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attiny85 for analog input digital output - please help.

Discussion in 'AVR' started by coreymanshack, Jan 31, 2014.

  1. coreymanshack

    coreymanshack New Member

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    First of all I would like to note that I am very new to building circuits, the raspberry pi, and attiny85. I have been doing a lot of research on what I'm trying to do but I have a few questions. I want to use the attiny85 to measure voltage of a 1.5V battery as in this schematic and send it to the GPIO on the raspberry pi and read the digital result via python and log it; http://123d.circuits.io/circuits/111623 ... ry-pi-gpio

    I will be doing the following with the circuit -
    Analog in on pin 2 of the attiny (positive battery terminal, negative side of battery grounded to GPIO) - digital out on pin 7 of the attiny. Then I want to send digital out from attiny to GPIO on pin 3 to read with a python program on raspbian and log it.

    I know I need avrdude to program the attiny and a simple DAPA circuit ( I will be using the serial port and passing avrdude the serial option ). What I don't know - is what code to write for the attiny to accept analog input on pin 2 and send the digital equiv out on pin 7. I then don't know how to access GPIO pin 3 with python and read the result to log it. Can anyone help me and/or point me to some documentation on how to do these two things?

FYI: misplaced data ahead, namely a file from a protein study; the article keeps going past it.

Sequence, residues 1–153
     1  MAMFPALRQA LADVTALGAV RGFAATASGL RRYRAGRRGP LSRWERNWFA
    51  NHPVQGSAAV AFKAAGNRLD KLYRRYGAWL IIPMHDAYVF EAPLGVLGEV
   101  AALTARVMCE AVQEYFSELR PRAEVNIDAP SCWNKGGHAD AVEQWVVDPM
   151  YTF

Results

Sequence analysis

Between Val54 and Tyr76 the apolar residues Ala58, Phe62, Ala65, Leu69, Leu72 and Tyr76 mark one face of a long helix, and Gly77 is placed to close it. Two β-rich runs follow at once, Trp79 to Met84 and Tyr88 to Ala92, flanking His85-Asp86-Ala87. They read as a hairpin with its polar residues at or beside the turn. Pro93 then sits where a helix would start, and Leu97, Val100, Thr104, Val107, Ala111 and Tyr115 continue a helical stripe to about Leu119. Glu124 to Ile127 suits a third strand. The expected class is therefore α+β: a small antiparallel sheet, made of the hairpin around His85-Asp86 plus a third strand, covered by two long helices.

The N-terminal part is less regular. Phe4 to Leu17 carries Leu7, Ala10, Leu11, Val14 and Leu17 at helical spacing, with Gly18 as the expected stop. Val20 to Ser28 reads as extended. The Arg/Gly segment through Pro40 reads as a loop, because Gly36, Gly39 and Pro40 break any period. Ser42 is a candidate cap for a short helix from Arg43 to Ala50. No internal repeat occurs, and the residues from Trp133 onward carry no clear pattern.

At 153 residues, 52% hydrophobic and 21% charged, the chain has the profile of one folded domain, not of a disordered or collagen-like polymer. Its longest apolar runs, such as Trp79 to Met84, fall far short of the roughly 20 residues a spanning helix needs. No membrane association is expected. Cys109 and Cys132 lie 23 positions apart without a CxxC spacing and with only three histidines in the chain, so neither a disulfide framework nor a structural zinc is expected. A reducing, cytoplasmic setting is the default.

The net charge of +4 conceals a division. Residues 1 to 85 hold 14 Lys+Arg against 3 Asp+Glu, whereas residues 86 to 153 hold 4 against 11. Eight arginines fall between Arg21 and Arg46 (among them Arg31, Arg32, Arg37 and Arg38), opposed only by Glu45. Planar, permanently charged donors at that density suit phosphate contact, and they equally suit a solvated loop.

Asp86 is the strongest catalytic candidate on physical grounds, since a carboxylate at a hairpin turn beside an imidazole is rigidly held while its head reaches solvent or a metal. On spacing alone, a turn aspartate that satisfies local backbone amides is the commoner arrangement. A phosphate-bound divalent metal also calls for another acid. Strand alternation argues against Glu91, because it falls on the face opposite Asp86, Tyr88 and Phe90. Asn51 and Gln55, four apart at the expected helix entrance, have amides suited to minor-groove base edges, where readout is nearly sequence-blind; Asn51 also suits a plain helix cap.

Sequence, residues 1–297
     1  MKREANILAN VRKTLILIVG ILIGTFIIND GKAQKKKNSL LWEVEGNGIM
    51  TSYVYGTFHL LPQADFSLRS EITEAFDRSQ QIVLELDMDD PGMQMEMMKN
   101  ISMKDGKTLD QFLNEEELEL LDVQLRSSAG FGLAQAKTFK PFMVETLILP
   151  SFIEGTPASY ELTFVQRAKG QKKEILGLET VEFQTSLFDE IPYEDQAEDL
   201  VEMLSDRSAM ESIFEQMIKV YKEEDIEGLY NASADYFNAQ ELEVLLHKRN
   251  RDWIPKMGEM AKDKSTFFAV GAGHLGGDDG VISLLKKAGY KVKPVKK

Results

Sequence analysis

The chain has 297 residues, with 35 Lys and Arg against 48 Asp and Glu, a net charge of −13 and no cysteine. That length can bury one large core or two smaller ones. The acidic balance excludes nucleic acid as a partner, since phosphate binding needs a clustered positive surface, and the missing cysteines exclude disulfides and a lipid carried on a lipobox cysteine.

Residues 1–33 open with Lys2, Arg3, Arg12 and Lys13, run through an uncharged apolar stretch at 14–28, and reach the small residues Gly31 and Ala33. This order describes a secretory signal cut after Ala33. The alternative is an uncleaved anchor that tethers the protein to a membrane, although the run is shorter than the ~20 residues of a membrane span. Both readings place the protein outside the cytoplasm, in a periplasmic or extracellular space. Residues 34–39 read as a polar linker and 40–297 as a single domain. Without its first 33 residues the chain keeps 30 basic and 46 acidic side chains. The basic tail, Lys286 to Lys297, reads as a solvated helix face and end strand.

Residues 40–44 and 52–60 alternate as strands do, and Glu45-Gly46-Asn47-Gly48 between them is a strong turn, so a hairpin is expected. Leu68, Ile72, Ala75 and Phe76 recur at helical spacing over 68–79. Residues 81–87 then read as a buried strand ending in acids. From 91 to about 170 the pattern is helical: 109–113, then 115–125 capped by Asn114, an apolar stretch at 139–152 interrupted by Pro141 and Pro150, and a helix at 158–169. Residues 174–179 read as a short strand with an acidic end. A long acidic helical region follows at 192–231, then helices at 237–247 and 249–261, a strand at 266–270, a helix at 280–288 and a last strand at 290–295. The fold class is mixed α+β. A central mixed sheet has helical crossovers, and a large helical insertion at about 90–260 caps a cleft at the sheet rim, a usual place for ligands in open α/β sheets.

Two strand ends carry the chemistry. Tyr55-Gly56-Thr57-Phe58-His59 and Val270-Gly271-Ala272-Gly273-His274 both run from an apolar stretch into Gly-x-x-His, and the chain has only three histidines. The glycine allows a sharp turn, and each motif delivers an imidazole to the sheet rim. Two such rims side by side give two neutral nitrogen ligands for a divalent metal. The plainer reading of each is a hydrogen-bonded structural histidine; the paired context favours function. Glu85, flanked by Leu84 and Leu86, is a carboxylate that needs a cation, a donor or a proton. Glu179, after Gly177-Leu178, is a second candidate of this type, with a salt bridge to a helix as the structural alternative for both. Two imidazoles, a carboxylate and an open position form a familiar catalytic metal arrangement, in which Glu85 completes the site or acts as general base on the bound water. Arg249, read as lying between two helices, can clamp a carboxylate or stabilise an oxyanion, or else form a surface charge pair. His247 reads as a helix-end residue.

Update:
    I found this link for interfacing GPIO with python http://sourceforge.net/p/raspberry-gpio ... wiki/Home/ and on the digital section it says the following -

    Input
    To read the value of a GPIO pin:
    GPIO.input(channel)
    (where channel is the channel number based on the numbering system you have specified (BOARD or BCM)). This will return either 0 / GPIO.LOW / False or 1 / GPIO.HIGH / True.


    So what I don't understand now is how do I measure voltage programmatically from 0 / GPIO.LOW / False or 1 / GPIO.HIGH / True
     
  2. wkrug

    wkrug Active Member

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    First You have to write a programm with an Compiler AVR GCC, BASCOM an so on.
    When that Programm is compiled You get an .hex File that can be taken into the Attiny.

    To activate the A/D Converter You have to set some Registers with the wished parameters.
    The Attiny has only one A/D Converters with an additional input selector.
    So You have to set the input Selector to ADC3 and then make a Conversation of the A/D Converter.
    No You have to calculate the current Voltage from the A/D Result and translate them into ASCII signs.
    When I'm right the attiny 85 has no Hardware USART's, so You have to use an Software USART.
    That's a little programm that generates the serial RS232 Signals.
    Some bigger Controllers has an internal Hardware USART that make the generation of serial signals quite easy.

    When using a USART I would suggest You to use an external Clock Source ( e. g. Crystal ) to avoid trouble.

    The used Registers and there setting You can take from the Datasheet of the Controller.
    The calculation of the Voltage depends of the Used Reference an is descibed in the Datasheet.
    An Software USART You have to include from an Source in the Internet.
    I think BASCOM has one integrated, but I'm not a BASCOM Guy.
     
    Last edited: Feb 3, 2014
  3. coreymanshack

    coreymanshack New Member

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    Thank you - I've finally got around to programming my ATTINY85 and I did it with my raspberry pi from the GPIO pins with a simple circuit I found here - http://www.instructables.com/id/Programming-the-ATtiny85-from-Raspberry-Pi/?ALLSTEPS
    I uploaded the blink.c program to the attiny85 using the code in this tutorial and made all 5 pins on the pi go from high to low.

    I have a few questions though and I'm not sure if I should open a new thread or what? Here is my circuit -